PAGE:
by Tutku Barbaros

Sabriye, Sab for short, can read the temperature by state of coconut oil alone. A jar sits on her bedside table. Liquid when hot, solid when cold. Upside down when upside down. Upright, when up right. She smoothes it into each stubborn ringlet of her hair and watches as it makes something brittle, something smooth. Making something sexy out of something uncouth.
(Don’t we always?)
(You’re telling me sister)

Coconut slicked freshly waxed thighs. Elbows get the treatment too.
All the while she thinks of you.
From top to toe she’s coconutty about you.

She picks an outfit that’s clear but not too slutty. Whatever slutty means. And honestly she has no idea. She asks herself in plunge bra and camo jacket. In jeans and woke t-shirt. In crop top and short skirt. She asks herself again and again how can she get the message through to you? That she’s open wide, available to you but not to be hurt. Not to be punished. Not to be disregarded, taken for granted. She’s curious – how do other women show this?
(I have no idea)
(Me neither sister)

You meet her on some street corner and remark nothing of her outfit. You take her to a film you’ve picked. You make her laugh. Over and over again. And the ecstasy of that will lead to more sleepless nights than you could even imagine. But you don’t imagine. I don’t think you even ask.
(Do they ever?)
(Sometimes they do)
(Mostly, they assume)
(You’re telling me sister)

All the sparks in you became a fire in her. And all the parts of you can have a place in her. And she shows you that. Which is agony for Sabriye. But she does it nonetheless. After a thousand coconut kisses she eases. And against her own admission, of not thinking too far ahead – she spins a narrative which extends beyond a flat in Stoke Newington with just one bed.
(I’m always curious to know, why do we bother paining ourselves with the business of hope?)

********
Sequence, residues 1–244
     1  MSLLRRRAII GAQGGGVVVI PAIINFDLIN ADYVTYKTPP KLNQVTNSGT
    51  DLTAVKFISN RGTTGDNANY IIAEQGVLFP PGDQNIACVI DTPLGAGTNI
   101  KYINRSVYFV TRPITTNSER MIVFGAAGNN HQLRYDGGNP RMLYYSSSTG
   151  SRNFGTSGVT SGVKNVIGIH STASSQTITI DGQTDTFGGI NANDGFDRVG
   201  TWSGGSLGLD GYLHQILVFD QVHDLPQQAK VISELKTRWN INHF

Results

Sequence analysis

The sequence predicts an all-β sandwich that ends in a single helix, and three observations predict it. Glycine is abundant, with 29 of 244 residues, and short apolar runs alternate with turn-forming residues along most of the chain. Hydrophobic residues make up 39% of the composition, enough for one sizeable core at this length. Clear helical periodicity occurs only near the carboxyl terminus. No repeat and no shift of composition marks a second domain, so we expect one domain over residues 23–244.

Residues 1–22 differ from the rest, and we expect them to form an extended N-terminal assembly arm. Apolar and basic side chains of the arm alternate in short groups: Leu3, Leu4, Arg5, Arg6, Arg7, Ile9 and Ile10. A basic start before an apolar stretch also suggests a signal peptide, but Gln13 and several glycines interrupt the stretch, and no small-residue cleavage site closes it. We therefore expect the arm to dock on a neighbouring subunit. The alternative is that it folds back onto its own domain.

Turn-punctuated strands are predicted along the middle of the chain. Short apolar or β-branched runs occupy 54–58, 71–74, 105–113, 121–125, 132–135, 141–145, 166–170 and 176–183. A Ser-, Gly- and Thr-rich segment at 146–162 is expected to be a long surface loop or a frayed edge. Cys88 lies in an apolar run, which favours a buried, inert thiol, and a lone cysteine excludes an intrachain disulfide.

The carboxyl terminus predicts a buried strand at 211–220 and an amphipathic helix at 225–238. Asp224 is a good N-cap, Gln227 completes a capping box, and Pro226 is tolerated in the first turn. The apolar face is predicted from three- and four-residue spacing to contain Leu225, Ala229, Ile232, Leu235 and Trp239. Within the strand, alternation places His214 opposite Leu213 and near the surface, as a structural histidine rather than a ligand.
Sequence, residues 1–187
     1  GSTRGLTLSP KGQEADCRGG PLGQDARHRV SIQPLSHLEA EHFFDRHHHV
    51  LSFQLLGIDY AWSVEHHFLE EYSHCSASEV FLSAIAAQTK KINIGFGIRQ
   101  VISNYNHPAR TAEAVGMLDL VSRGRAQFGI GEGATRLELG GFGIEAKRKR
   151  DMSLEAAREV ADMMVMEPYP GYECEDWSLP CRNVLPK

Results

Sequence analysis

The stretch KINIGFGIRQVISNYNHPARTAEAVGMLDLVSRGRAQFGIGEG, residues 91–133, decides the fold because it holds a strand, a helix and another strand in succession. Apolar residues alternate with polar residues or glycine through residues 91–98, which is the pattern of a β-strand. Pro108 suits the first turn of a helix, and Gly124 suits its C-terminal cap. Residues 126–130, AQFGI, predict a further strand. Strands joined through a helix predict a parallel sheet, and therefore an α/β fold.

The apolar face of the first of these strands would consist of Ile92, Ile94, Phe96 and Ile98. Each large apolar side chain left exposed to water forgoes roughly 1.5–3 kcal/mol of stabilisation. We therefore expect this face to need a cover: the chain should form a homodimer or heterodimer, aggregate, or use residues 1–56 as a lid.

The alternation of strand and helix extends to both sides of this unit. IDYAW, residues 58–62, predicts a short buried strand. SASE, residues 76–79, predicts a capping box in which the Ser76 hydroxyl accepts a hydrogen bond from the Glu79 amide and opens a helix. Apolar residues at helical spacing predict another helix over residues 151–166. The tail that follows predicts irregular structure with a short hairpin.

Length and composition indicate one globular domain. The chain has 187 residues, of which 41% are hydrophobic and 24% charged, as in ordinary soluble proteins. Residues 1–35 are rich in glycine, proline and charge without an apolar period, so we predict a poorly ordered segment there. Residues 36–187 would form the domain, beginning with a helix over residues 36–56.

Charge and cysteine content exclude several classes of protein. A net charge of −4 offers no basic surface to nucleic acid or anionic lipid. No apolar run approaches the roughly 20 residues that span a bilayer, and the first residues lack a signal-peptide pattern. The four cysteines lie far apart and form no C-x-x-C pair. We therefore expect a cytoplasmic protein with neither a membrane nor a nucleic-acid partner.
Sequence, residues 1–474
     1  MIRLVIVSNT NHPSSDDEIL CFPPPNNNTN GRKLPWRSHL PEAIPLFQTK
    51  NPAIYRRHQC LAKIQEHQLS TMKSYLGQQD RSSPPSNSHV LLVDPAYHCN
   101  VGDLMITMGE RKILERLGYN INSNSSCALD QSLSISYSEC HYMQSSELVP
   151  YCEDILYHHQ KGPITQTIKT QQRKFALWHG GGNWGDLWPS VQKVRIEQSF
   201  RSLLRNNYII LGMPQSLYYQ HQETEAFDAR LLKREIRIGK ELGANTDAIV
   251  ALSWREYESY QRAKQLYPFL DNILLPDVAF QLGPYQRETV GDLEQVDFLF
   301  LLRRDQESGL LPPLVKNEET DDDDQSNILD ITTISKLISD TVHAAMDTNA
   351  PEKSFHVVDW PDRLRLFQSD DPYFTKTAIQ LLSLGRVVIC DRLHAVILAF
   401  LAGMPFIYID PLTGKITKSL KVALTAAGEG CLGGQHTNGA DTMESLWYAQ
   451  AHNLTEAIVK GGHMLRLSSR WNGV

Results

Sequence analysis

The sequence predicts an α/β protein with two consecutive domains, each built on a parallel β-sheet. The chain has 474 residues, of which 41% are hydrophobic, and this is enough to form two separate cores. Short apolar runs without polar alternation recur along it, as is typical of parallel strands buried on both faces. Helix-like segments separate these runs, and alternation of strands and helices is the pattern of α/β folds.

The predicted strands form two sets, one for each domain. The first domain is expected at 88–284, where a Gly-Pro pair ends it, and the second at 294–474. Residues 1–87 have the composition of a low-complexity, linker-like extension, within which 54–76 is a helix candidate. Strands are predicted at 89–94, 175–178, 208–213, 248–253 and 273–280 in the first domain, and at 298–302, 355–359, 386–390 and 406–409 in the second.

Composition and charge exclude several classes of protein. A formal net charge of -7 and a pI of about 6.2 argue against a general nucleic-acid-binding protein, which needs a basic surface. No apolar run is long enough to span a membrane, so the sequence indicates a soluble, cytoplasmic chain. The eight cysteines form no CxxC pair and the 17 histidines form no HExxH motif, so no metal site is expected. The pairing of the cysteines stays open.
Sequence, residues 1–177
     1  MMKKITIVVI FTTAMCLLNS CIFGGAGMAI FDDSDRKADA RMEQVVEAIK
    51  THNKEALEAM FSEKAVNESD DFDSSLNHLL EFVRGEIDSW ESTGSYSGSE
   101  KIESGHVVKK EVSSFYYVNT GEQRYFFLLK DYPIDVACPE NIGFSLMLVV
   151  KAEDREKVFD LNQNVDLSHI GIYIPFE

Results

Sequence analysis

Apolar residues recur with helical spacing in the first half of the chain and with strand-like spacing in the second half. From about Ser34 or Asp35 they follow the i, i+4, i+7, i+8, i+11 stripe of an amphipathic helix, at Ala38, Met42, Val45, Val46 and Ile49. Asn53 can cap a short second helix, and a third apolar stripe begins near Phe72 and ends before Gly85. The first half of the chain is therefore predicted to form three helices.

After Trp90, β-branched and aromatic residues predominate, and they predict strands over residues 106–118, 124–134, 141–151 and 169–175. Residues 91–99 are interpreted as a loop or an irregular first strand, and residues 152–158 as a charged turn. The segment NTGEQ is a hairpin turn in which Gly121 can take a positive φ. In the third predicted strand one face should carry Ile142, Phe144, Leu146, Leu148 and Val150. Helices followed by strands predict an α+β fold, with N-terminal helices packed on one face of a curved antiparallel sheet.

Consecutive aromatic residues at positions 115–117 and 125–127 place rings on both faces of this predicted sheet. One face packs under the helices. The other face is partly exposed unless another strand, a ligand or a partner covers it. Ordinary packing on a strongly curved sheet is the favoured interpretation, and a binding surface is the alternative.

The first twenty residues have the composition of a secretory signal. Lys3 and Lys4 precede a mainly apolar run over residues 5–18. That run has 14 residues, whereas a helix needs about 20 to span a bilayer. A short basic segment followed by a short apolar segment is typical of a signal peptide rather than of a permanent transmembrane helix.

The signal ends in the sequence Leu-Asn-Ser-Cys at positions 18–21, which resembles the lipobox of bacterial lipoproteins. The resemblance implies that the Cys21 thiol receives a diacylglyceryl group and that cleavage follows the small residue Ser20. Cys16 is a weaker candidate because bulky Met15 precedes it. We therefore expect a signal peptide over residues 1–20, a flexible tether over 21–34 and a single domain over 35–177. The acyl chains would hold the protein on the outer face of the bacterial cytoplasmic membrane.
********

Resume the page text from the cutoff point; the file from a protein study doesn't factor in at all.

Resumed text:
(I’ve never understood)
(I’ll never understand)
(Me neither sister)


“All the sparks in you became a fire in her.”


Over cocktails she tells you what she thinks about this latest film you picked. She’s not afraid to say she really fucking hated it. She’s not afraid at all. That’s the thing about you, you make her feel like she could say anything – and so she does. You make her feel so totally chilled.
(I can see that when you walk out – it’s going to fucking kill)
(How can you tell?)
(I don’t know, I just can, intuition sister)
(Pessimistic sister?)

You’re halfway through dinner in some pimped out burger bar, where there’s crates for chairs and bricks exposed: he’s distracted by his phone. It rings. He shuts it up. But you see it vibrating in the corner of your eye. Feel the table shake.
Four tiny earthquakes.
Four tiny seismic waves which will ripple through your thoughts for days.
He talks to you with one eye placed firmly on the phone. You tell him he can take it. He says it’s no big deal but he needs to go to the bathroom. Off he goes. Phone in hand.
And that’s all The Tell you need.
All The Tell that you can stand.

You’ve been here before. Various times before. You won’t cry. You won’t cause a scene. You get up. You ask the waiter for the bill. You pay it, all of it. No point in staying just to hear him lie. So you walk out as you drop him a text.
‘Tell your girlfriend I said hi.’

And he will never hear from you again. Blocked immediately. Texts stuck forever left on sent.

You’ll tell the girls (in particular, the women in your head), that he is not a curiosity you need to satisfy. Spare me the ‘we were going through a rough a patch when I met you’  or the ‘you’re just so brilliant I didn’t know how to resist you’ or the ‘I love you but I love her too’ and the ‘she’s crazy so if she found out she’d kill me and she’d kill you too’ or the ‘I promise I’m not actually that kind of guy’. Spare me every line. Spare me every one.

Time passes.
Each crack stabilises.
Consistently as coconut I  find myself  back in the mirror.
Starting the process again.
A new you.
Smoothing out, each rough edge I’m curious to know:
Why do I pain myself with the business of hoping.
I don’t know, answer all the women in my chest.
I don’t know.

Tutku Barbaros | @tutkubarbaros

Raised on hummus and hip hop, Tutku Barbaros is a writer, artist & activist. She’s one third of the confrontational and cake covered Plunge Theatre with whom she’s currently writing a sitcom.

@tutkubarbaros  @PlungeTheatre

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